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American Dictionary of the English Language

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Face


FACE, noun [Latin , to make.]

1. In a general sense, the surface of a thing, or the side which presents itself to the view of a spectator; as the face of the earth; the face of the waters.

2. A part of the surface of a thing; or the plane surface of a solid. Thus, a cube or die has six faces an octahedron has eight faces.

3. The surface of the fore part of an animals head, particularly of the human head; the visage.

In the sweat of thy face shalt thou eat bread. Genesis 3:19.

Joseph bowed himself with his face to the earth. Genesis 48:11.

4. Countenance; cast of features; look; air of the face

We set the best face on it we could.

5. The front of a thing; the forepart; the flat surface that presents itself first to view; as the face of a house. Ezekiel 41:14.

6. Visible state; appearance.

This would produce a new face of things in Europe.

7. Appearance; look.

Nor heaven, nor sea, their former face retained.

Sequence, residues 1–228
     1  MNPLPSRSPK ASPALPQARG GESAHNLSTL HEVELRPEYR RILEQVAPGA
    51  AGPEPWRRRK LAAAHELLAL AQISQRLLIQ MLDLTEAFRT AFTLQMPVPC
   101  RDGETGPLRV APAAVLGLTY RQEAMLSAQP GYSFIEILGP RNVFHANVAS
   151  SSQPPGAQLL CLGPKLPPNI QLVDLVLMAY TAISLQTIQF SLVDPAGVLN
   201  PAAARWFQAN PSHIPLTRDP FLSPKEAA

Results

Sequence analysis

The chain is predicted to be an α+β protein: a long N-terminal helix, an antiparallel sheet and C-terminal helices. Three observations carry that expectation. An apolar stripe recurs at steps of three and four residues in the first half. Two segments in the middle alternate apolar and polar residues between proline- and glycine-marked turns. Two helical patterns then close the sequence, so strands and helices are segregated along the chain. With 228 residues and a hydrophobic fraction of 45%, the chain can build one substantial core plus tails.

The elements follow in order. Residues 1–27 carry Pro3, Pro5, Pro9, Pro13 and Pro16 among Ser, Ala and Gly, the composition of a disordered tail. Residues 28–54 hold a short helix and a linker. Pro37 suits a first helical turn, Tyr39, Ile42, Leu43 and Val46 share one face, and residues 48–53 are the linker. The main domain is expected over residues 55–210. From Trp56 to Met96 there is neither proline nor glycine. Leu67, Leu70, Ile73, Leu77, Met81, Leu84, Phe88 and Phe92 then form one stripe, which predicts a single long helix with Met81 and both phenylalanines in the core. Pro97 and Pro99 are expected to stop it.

His dialogue has the face of probability.

8. State of confrontation. The witnesses were presented face to face

9. Confidence; boldness; impudence; a bold front.

He has the face to charge others with false citations.

10. Presence; sight; as in the phrases, before the face in the face to the face from the face

11. The person.

I had not thought to see thy face Genesis 48:11.

12. In scripture, face is used for anger or favor.

Hide us from the face of him that sitteth on the throne. Revelations 6.

Make thy face to shine on thy servant. Psalms 31:16.

How long wilt thou hide thy face from me? Psalms 13:1.

Hence, to seek the face that is, to pray to, to seek the favor of.

To set the face against, is to oppose.

To accept ones face is to show him favor or grant his request. So, to entreat the face is to ask favor; but these phrases are nearly obsolete.

13. A distorted form of the face; as in the phrase, to make faces, or to make wry faces.

FACE to face

1. When both parties are present; as, to have accusers face to face Acts 25:16.

2. Nakedly; without the interposition of any other body.

Now we see through a glass, darkly; but then face to face 1 Corinthians 13:12.

FACE, verb transitive

1. To meet in front; to oppose with firmness; to resist, or to meet for the purpose of stopping or opposing; as, to face an enemy in the field of battle.

I'll face this tempest, and deserve the name of king.

2. To stand opposite to; to stand with the face or front towards. The colleges in New Haven face the public square.

3. To cover with additional superficies; to cover in front; as a fortification faced with marble; to face a garment with silk.

To face down, to oppose boldly or impudently.

FACE, verb intransitive

1. To carry a false appearance; to play the hypocrite.

To lie, to face to forge.

2. To turn the face; as, to face to the right or left.